Wednesday, May 25, 2022

Swords to a gunfight: relive a tragic military mismatch at Moores Creek

It was broadswords against flintlocks in a bloody battle that helped shake the British's grip on North Carolina.

The Battle of Moores Creek pitted 1,000 well-prepared and well-armed patriots against a smaller force of Scottish loyalists, armed with swords. (Port City Daily photo | COURTESY NATIONAL PARK SERVICE)
The Battle of Moores Creek pitted 1,000 well-prepared and well-armed patriots against a smaller force of Scottish loyalists, armed with swords. (Port City Daily photo / COURTESY NATIONAL PARK SERVICE)

CURRIE – Every year, the National Park Service re-enacts the Battle of Moores Creek. The battle pitched 1,000 North Carolina patriots, armed with cannons and muskets, against a smaller force of Scottish loyalists, armed mostly with Claymores, traditional Scottish swords.

There are several accounts of the battle, including David Lee Russell’s “The American Revolution in the Southern Colonies” and Charles E. Hatch’s “The Battle of Moores Creek Bridge.” John L. Smith Jr. has also penned a lively version of the battle for “Journal of the American Revolution.”

The National Park Service relies on these sources – and other contemporaneous accounts – for their annual reenactment.

‘King George and Broadswords’

Initially, the British military campaign in North Carolina looked strong. Early in 1776, the British sent 53 ships with about 2,000 British troops under the command of General Sir Henry Clinton. They planned to sail up the Cape Fear River and rendezvous with Scottish loyalists in the area; the governor of North Carolina had promised the British upward of 5,000 Scottish troops.

These were the so-called Highlanders of the Upcountry who, ironically, had been displaced from their native Scotland by English forces, but who had become loyal to the crown after settling in North Carolina.

The British sent two veteran soldiers, both Gaelic-speaking Scots, to organize the force. When they reached North Carolina, Major Donald MacDonald and Captain Donald McLeod found the Scots disorganized and in far smaller numbers than promised. Only about 1,600 Scottish troops were available to fight – and only about a third of them had firearms, the rest were armed with swords. MacDonald became ill, but McLeod assumed command and soldiered on.

Last Charge of the Highlanders

Patriot forces were waiting for the Scottish loyalists, with 1,000 armed men and two cannons. (Port City Daily photo | COURTESY NATIONAL PARK SERVICE)
Patriot forces were waiting for the Scottish loyalists, with 1,000 armed men and two cannons. (Port City Daily photo / COURTESY NATIONAL PARK SERVICE)

The patriot forces were able to intercept the Scots before they met the British forces amassed on the Cape Fear Coast; they set a trap for the Scottish forces at Moores Creek, which was at the time running about six feet deep – a difficult crossing that would force soldiers onto a single bridge.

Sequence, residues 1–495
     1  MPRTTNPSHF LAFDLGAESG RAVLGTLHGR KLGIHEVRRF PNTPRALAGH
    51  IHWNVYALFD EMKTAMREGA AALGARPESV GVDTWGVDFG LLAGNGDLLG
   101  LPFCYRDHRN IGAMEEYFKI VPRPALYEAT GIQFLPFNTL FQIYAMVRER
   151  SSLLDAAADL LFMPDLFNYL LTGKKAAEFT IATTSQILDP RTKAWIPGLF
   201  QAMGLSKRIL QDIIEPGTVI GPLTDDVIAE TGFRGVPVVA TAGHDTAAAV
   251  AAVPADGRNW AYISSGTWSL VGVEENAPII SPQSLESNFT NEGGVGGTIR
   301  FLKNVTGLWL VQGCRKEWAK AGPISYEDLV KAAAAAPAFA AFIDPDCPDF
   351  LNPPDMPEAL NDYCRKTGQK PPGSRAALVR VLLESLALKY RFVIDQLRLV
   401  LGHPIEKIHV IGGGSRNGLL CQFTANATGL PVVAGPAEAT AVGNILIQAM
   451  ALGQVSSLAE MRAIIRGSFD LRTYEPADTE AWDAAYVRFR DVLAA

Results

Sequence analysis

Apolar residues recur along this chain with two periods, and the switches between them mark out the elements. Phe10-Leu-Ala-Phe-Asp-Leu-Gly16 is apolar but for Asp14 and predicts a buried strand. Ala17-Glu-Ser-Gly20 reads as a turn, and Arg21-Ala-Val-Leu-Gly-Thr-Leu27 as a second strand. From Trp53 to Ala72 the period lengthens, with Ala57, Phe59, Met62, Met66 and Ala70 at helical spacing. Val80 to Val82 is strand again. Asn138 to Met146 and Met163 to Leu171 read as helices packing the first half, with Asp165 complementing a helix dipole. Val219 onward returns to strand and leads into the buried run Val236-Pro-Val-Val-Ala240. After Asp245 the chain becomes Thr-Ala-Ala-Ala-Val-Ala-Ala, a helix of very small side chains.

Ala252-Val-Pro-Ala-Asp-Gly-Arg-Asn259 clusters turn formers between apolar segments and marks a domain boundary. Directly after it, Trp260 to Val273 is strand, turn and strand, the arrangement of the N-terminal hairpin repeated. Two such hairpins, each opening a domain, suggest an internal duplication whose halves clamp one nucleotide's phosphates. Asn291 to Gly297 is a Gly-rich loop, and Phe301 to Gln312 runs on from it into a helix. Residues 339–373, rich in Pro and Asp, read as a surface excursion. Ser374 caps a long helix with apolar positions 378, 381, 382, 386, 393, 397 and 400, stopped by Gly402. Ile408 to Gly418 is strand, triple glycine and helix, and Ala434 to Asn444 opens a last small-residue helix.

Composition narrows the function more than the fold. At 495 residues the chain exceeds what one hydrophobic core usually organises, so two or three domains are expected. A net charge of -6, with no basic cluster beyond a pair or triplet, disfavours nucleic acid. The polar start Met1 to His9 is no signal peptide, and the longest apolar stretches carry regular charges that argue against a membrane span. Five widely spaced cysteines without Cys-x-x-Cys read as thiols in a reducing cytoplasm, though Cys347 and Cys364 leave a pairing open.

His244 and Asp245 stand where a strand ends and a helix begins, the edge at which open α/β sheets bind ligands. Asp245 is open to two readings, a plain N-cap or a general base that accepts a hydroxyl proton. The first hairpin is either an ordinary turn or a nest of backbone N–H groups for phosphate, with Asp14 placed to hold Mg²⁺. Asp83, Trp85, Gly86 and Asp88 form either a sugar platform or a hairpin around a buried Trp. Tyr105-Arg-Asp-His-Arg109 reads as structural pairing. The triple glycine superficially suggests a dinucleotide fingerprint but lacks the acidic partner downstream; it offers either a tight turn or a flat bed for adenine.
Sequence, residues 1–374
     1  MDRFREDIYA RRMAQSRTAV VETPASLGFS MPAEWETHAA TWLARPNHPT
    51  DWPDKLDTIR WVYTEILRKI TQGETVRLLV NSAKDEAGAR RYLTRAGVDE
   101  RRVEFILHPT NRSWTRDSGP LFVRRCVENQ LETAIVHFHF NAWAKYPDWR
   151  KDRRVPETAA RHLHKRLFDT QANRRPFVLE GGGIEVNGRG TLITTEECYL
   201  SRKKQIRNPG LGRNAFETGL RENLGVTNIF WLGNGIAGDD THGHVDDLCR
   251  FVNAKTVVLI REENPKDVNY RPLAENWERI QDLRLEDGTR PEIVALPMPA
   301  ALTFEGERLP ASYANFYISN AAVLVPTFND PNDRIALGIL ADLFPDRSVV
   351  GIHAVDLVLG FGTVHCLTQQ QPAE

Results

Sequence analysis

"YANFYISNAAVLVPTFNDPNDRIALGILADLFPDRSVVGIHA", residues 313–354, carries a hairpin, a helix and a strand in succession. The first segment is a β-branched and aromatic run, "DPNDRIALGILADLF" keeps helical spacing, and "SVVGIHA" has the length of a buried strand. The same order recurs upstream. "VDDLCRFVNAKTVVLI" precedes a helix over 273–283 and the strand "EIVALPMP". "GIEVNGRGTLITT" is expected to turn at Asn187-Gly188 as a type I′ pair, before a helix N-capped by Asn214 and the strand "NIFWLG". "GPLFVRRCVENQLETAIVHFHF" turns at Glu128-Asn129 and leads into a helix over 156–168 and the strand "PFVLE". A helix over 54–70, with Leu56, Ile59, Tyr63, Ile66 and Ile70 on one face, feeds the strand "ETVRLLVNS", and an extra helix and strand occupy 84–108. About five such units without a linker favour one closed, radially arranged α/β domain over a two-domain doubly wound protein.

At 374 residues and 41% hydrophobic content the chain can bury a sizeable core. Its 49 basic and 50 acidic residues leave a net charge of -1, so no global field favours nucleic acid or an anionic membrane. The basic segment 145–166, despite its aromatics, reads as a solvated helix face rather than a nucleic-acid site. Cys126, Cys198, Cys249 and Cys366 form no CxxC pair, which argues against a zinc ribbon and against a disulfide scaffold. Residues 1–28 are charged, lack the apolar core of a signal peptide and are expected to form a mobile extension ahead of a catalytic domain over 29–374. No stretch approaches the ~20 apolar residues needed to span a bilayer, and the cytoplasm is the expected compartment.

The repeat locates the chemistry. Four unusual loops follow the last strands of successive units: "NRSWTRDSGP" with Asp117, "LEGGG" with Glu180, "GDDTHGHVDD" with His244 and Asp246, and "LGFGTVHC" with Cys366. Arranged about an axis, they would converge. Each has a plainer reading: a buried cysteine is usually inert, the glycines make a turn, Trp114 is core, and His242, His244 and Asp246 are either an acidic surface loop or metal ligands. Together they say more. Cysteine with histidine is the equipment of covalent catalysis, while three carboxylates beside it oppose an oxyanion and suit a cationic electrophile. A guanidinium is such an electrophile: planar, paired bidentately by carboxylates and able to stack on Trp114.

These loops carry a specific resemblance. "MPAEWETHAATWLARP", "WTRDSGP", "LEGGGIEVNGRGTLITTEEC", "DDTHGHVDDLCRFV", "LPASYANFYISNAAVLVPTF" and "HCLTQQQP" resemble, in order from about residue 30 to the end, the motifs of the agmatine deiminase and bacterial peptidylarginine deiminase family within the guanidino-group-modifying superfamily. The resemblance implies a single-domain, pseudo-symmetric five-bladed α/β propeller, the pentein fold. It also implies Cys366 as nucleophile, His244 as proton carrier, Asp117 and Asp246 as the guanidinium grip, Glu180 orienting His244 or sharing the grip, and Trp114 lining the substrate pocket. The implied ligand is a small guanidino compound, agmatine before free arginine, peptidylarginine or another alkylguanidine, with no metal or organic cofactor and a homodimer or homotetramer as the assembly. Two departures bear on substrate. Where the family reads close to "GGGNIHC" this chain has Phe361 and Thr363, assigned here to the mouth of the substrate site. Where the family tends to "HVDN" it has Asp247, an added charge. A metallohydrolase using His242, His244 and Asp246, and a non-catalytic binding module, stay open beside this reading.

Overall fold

On the far side, the patriots dug in behind earthworks and waited with two heavy artillery pieces known as “Old Mother Covington and her daughter.”

The night before the Scots reached the creek, patriot forces sabotaged the bridge – removing planks and greasing the structure with soap and bear fat. On the far side, the patriots dug in behind earthworks and waited, along with two heavy artillery pieces known as “Old Mother Covington and her daughter,” trained on the near-side landing of the bridge.

When the Scots made it to Moores Creek, desertion had halved their strength: about 700 Scottish soldiers walked into a trap set by over 1,000 well-prepared and well-armed patriots. Reportedly, the night before the battle, the troops played “King George and Broadswords” on bagpipes, a celebration of a weapon that was about to prove disastrously antiquated on the battlefield.

Shortly before sunrise on Feb. 27, 1776, the Scottish loyalists attempted to cross Moores Creek. The patriot scout fired a warning shot. The Scots, surprised, attempted to charge, swords drawn.

The patriots opened fire.

The battle reportedly lasted three minutes. Captain McLeod never made it over the bridge, having been shot two dozen times. Between 30 and 50 loyalist troops were killed, hundreds more were captured. The patriots suffered only two casualties.

Revisiting the past

The National Park Service will memorialize the 242nd anniversary of the Battle of Moores Creek on Saturday, Feb. 24, and Sunday, Feb. 25. During park hours, 9 a.m. to 5 p.m., the park will hold a series of events and demonstrations, including:

  • Patriot and loyalist militia encampments with cooking, dummy musket drills for the public, weapon displays, and storytelling.
  • Musket and cannon demonstrations.
  • Artisan craft and trade exhibits and demonstrations
  • Wreath laying ceremony and procession
  • Interpretive demonstration of the battle, including narration and flag ceremony in honor of those who lost their lives in the battle.
  • Information tables from local organizations on how to get involved in preserving this and other local history.
  • Food for sale by Atkinson Volunteer Fire Department

You can find more information at the Moores Creek event page or by calling the Moores Creek National Battlefield at 910-283-5591.

Moores Creek National Battlefield is located at 40 Patriots Hall Drive, Currie, about 20 minutes north of Wilmington, off Highway 421.

On the map: Moores Creek National Battlefield

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